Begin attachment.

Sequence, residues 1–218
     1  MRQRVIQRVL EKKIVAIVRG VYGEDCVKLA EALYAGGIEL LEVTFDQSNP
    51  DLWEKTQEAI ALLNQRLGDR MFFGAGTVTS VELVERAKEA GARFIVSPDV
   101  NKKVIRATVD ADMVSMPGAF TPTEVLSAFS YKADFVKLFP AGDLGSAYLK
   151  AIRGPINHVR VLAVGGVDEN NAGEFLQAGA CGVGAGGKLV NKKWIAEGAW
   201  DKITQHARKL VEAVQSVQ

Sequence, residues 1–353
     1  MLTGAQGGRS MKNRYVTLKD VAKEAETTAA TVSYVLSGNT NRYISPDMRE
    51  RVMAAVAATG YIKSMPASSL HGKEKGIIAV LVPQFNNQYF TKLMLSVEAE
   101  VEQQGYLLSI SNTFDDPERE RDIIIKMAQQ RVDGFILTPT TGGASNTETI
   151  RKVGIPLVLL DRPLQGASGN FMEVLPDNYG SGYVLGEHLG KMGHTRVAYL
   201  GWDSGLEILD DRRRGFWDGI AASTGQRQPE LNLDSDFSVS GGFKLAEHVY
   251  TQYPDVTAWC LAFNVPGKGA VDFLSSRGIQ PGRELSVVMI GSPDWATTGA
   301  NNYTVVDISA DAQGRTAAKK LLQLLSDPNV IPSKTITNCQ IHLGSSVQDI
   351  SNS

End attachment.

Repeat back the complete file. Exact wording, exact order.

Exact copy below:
Sequence, residues 1–218
     1  MRQRVIQRVL EKKIVAIVRG VYGEDCVKLA EALYAGGIEL LEVTFDQSNP
    51  DLWEKTQEAI ALLNQRLGDR MFFGAGTVTS VELVERAKEA GARFIVSPDV
   101  NKKVIRATVD ADMVSMPGAF TPTEVLSAFS YKADFVKLFP AGDLGSAYLK
   151  AIRGPINHVR VLAVGGVDEN NAGEFLQAGA CGVGAGGKLV NKKWIAEGAW
   201  DKITQHARKL VEAVQSVQ

Sequence, residues 1–353
     1  MLTGAQGGRS MKNRYVTLKD VAKEAETTAA TVSYVLSGNT NRYISPDMRE
    51  RVMAAVAATG YIKSMPASSL HGKEKGIIAV LVPQFNNQYF TKLMLSVEAE
   101  VEQQGYLLSI SNTFDDPERE RDIIIKMAQQ RVDGFILTPT TGGASNTETI
   151  RKVGIPLVLL DRPLQGASGN FMEVLPDNYG SGYVLGEHLG KMGHTRVAYL
   201  GWDSGLEILD DRRRGFWDGI AASTGQRQPE LNLDSDFSVS GGFKLAEHVY
   251  TQYPDVTAWC LAFNVPGKGA VDFLSSRGIQ PGRELSVVMI GSPDWATTGA
   301  NNYTVVDISA DAQGRTAAKK LLQLLSDPNV IPSKTITNCQ IHLGSSVQDI
   351  SNS